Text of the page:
MONTEVALLO, ALA.—During recent homecoming activities at the University of Montevallo in Montevallo, Ala., a professor of veterinary medicine at Texas A & M University received the Distinguished Alumna Award for 2013 for outstanding work in her field and for service to her community.
Dr. Karen Snowden received her B.S. degree in biology from the University of Montevallo in 1973, then went on to earn the DVM at Auburn University in Auburn, Ala., and the Ph.D. in veterinary medicine from North Carolina State University.
In 1989, Snowden crossed the Atlantic to serve as a post-doctoral senior research associate, then as a lecturer in veterinary parasitology at the Liverpool School of Tropical Medicine in Liverpool, England. Upon returning to the United States, she accepted an assistant professorship at Texas A & M University’s College of Veterinary Medicine and has since advanced to a full professorship.
In an effort to give her students a direct, hands-on clinical experience, Snowden has cultivated a relationship with a local animal shelter, having senior students serve a two-week rotation handling the medical problems of approximately 175 animals, primarily dogs and cats. This experience gives the students a first-hand look at the operation of a community animal shelter and also gives them a preview of a wide variety of dilemmas they may face in their future practices. More recently, the shelter rotation has been integrated with a new, required rotation focused on emergency and disaster response.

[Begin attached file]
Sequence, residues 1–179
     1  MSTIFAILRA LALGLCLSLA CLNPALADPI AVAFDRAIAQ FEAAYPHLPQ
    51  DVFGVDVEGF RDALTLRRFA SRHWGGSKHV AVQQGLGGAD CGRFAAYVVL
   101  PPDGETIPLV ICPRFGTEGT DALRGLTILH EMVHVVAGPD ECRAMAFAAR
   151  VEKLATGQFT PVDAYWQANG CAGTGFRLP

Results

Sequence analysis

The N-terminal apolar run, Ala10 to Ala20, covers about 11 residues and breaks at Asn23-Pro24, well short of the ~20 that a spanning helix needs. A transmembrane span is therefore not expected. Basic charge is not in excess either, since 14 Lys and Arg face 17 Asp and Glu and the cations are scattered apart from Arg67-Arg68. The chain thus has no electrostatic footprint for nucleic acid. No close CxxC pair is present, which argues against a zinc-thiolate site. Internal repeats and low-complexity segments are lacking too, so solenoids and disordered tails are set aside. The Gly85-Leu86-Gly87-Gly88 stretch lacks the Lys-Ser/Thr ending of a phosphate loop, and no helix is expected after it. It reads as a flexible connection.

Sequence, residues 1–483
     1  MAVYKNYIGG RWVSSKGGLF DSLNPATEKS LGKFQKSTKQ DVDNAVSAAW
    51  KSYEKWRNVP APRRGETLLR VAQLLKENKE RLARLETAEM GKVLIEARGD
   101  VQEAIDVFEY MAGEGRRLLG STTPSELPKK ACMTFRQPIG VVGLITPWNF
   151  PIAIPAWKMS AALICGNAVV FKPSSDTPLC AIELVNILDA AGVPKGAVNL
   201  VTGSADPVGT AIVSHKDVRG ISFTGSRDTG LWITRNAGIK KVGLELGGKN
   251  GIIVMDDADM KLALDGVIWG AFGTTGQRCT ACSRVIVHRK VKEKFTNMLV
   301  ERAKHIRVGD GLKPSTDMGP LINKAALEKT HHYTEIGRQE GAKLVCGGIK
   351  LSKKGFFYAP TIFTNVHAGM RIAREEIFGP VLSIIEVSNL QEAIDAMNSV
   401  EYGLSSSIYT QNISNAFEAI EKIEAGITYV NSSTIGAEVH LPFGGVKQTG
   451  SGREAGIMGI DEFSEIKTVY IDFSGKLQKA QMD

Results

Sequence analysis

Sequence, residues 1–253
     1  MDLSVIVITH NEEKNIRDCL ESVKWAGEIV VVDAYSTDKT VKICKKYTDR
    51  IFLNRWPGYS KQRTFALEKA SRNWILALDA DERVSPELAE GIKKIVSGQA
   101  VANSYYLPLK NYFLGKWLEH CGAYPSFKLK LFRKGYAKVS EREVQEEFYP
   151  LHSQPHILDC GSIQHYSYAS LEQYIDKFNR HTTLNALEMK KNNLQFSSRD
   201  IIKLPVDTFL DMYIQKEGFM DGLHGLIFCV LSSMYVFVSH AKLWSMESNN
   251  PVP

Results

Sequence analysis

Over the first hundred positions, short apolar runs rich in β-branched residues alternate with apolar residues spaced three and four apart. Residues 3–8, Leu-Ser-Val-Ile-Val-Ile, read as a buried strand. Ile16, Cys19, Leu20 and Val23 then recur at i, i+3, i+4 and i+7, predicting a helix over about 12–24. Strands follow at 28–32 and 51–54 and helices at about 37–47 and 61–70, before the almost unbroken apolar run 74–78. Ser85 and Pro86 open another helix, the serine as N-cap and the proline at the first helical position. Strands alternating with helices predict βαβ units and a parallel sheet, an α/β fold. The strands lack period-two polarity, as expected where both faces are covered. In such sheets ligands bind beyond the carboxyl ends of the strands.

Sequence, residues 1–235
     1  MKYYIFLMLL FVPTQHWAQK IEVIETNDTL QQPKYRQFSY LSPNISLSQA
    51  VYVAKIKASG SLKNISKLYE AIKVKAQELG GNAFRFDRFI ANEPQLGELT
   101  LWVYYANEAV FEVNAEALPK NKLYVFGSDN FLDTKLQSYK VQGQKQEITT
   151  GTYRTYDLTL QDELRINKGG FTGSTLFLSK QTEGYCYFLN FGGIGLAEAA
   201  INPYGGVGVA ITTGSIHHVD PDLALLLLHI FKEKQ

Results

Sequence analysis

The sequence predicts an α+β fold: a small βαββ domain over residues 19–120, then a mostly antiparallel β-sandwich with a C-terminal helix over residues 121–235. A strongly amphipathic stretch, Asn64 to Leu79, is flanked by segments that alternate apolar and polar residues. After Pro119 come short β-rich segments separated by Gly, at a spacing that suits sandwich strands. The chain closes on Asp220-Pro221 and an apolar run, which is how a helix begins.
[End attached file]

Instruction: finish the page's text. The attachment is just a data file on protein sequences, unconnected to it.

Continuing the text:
Snowden’s scholarly publications and presentations number in excess of 200, and she is the recipient of numerous honors and awards. Her most impressive accomplishment, according to a colleague at TAMU, is her Charter Diplomate certification in parasitology, awarded by the American College of Veterinary Microbiology in April 2011, signifying her outstanding knowledge and proficiency in veterinary parasitology and her eminent standing in the field.
According to one individual who nominated Snowden for the Distinguished Alumna Award, her leadership qualities became evident during her Montevallo years. “She was always in the forefront of plans and making sure things were done ‘right.’” In reference to her career choice, this same nominator said, “Under Karen’s professional, scientific exterior lies a soft heart willing to assist any of God’s creatures, no matter how many legs they may have.”